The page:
Open Mon-Fri 9am to 5:30pm
Saturday 10am to 5pm
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Price based on lowest available cruise only fare for double occupancy. Subject to change at any time.
The better-than-new Sirena blends sophistication with a contemporary flair to create a casually elegant ambiance that embodies the most treasured elements of our celebrated ships. Every surface of every suite and stateroom is entirely new, while in the public spaces, a refreshed colour palette of soft sea and sky tones surrounds a tasteful renewal of fabrics, furnishings and lighting fixtures that exquisitely encompasses the inimitable style and comfort of Oceania Cruises.
Beautiful sister ship to charming Regatta, Insignia and Nautica, 648-guest Sirena embodies the most treasured elements of our celebrated fleet and features a few highlights all her own. Better than new, Sirena includes entirely new suites, staterooms and bathrooms and reflects the same beautifully re-inspired ambiance as her sister ships. She features Tuscan Steak, her signature specialty restaurant, which serves Italian favourites, succulent steaks and fresh seafood inspired by Toscana and Polo Grill, as well as the beloved restaurant Red Ginger. Sirena offers 2 additional unique, open-seating restaurants, the Aquamar Spa + Vitality Centre, eight lounges and bars, a casino and 333 luxurious suites and tony staterooms, nearly 70% of which feature private verandas.
How much you choose to tip is a personal matter and completely at your discretion. For your convenience, the following gratuities are automatically added to your shipboard account.
For guests occupying staterooms, gratuities of $16.00 per guest, per day will be added.
For guests occupying Penthouse, Oceania, Vista or Owner's Suites where Butler Service is provided, gratuities of $23.00 per guest, per day will be added.
In addition, an 18% service gratuity is automatically added to all beverage purchases, spa services and dinner at La Reserve. Naturally, guests may adjust gratuities while on board the vessel at their sole discretion.
|17 July 2024||18:00||€8,599||Call us to book|
* Price based on lowest available cruise only fare for double occupancy. Subject to change at any time.
Day 1 Reykjavík, Iceland
Sprawling Reykjavík, the nation's nerve center and government seat, is home to half the island's population. On a bay overlooked by proud Mt. Esja (pronounced eh-shyuh), with its ever-changing hues, Reykjavík presents a colorful sight, its concrete houses painted in light colors and topped by vibrant red, blue, and green roofs. In contrast to the almost treeless countryside, Reykjavík has many tall, native birches, rowans, and willows, as well as imported aspen, pines, and spruces.Reykjavík's name comes from the Icelandic words for smoke, reykur, and bay, vík. In AD 874, Norseman Ingólfur Arnarson saw Iceland rising out of the misty sea and came ashore at a bay eerily shrouded with plumes of steam from nearby hot springs. Today most of the houses in Reykjavík are heated by near-boiling water from the hot springs. Natural heating avoids air pollution; there's no smoke around. You may notice, however, that the hot water brings a slight sulfur smell to the bathroom.Prices are easily on a par with other major European cities. A practical option is to purchase a Reykjavík City Card at the Tourist Information Center or at the Reykjavík Youth Hostel. This card permits unlimited bus usage and admission to any of the city's seven pools, the Family Park and Zoo, and city museums. The cards are valid for one (ISK 3,300), two (ISK 4,400), or three days (ISK 4,900), and they pay for themselves after three or four uses a day. Even lacking the City Card, paying admission (ISK 500, or ISK 250 for seniors and people with disabilities) to one of the city art museums (Hafnarhús, Kjarvalsstaðir, or Ásmundarsafn) gets you free same-day admission to the other two.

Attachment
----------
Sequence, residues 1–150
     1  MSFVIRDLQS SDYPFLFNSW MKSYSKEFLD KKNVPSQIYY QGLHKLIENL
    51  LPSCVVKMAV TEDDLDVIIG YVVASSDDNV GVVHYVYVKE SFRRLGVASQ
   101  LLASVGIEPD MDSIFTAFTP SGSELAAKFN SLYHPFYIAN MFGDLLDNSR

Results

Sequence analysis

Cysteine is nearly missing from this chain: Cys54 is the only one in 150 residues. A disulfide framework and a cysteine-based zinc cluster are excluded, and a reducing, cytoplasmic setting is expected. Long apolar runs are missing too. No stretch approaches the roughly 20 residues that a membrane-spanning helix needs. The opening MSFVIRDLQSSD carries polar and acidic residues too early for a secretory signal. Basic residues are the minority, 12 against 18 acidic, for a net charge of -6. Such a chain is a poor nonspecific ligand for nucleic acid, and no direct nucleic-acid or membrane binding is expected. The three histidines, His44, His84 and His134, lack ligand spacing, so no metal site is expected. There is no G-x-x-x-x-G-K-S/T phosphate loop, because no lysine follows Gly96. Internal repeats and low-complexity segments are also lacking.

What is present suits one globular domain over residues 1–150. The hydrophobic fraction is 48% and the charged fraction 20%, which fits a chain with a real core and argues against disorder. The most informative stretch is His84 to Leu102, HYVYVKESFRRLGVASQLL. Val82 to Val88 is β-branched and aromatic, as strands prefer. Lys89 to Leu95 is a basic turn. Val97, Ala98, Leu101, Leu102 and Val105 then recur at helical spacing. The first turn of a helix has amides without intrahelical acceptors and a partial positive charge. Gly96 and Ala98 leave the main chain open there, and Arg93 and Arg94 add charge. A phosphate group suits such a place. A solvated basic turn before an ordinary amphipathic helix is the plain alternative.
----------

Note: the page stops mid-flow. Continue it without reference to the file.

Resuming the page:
Day 2 Isafjørdur, Iceland
Two colossal terraces of sheer rock stand either side of this extraordinarily located town - which rides a jutting spit onto an immensity of black fjord water. Surprisingly, considering the remoteness of its location and its compact size, Isafjordur is a modern and lively place to visit, offering a great choice of cafes and delicious restaurants – which are well stocked to impress visitors. The town is a perfectly located base for adventures amongst Iceland's fantastic wilderness - with skiing, hiking and water-sports popular pursuits among visitors.
Days 3-4 Cruising
Day 5 Nuuk (Godthaab), Greenland